Mark your calendar for January 11, a national day of fast to end torture, and consider how you will observe the 100 days against torture in 2009. Think about how you will observe January 11, 2009 and what you will do to call attention effectively and meaningfully to this issue during the 100 days that follow. Torture is not a political issue: torture is a moral issue that a civil society in the 21st century can no longer ignore.
Torture is not a political issue; torture is a moral issue.

Sunday, December 28, 2008

Feast of the Holy Family

Photo compliments of Sister Anne Joan Flanagan, FSP taken at St. Joseph's Church, Chicago, IL, Christmas 2008

Today is the feast of the Holy Family. The Franciscan Friars of St. Anthony Messenger have a thought-provoking podcast on today's liturgical readings at "The Sunday Soundbyte." Click here to read the reflection or here to listen to it.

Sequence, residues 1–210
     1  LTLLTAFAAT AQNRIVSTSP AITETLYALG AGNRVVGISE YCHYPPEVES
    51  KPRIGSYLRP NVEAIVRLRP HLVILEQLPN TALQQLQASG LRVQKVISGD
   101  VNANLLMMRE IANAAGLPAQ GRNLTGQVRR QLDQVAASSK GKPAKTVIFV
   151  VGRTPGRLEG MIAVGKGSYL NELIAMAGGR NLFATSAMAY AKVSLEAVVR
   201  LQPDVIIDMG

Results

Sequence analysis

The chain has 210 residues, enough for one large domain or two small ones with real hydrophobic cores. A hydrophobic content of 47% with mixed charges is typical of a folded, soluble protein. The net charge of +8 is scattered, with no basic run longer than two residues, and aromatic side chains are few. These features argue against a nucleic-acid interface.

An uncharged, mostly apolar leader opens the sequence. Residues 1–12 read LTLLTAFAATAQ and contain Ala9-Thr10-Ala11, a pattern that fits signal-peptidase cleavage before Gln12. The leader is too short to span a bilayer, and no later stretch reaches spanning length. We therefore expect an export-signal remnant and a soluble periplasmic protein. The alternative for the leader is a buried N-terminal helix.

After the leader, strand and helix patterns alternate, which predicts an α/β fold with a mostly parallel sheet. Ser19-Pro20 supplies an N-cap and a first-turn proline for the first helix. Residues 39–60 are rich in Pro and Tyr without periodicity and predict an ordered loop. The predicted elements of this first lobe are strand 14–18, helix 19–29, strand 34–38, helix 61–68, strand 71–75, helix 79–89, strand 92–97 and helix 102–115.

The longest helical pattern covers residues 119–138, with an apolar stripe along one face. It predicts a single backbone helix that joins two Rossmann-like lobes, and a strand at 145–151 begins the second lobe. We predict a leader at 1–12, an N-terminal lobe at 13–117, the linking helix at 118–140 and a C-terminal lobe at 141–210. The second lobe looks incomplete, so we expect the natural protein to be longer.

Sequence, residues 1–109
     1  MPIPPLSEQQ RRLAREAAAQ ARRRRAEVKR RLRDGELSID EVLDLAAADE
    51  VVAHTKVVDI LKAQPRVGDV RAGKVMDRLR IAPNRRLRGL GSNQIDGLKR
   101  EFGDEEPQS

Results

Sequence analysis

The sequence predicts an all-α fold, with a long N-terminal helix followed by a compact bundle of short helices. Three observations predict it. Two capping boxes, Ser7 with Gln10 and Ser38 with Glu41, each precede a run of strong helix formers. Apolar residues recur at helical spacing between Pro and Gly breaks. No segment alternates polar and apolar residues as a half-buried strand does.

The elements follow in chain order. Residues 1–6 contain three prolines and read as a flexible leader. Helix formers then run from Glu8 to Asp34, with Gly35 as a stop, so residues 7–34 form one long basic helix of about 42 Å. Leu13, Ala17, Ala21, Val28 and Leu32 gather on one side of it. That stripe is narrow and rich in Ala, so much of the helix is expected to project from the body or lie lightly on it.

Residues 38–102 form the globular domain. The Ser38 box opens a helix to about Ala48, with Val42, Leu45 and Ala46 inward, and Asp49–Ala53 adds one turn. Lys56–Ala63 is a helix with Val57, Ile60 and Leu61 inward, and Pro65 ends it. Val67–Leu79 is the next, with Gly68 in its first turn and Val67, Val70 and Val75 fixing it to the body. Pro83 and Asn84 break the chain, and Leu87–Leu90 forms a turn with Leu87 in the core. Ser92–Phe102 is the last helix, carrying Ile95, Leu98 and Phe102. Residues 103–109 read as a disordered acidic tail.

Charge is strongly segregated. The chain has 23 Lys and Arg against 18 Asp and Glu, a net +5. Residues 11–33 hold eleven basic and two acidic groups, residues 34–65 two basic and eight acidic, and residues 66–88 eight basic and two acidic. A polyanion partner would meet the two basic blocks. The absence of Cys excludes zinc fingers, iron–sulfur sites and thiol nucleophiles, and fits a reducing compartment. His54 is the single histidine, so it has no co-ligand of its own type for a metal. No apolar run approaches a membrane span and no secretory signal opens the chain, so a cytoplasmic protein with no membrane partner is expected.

Whatever shape or size or configuration your family is, whether it is born or chosen, may you know all the blessings, joys, and graces of being "family" in today's world. In the Holy Family of Nazareth, may you find inspiration and a model for what it means to love one another.

Thursday, December 25, 2008

"Love Came Down at Christmas"

Photo compliments of

Word of the Father, now in flesh appearing...

As Midnight Mass began with choir and congregation joining in singing "O Come All Ye Faithful,"
this line stood out to me, encapsulating the essence of Christmas, the heart of what we celebrate:
Jesus, the Word of God, in human form,
now living (forevermore) among us...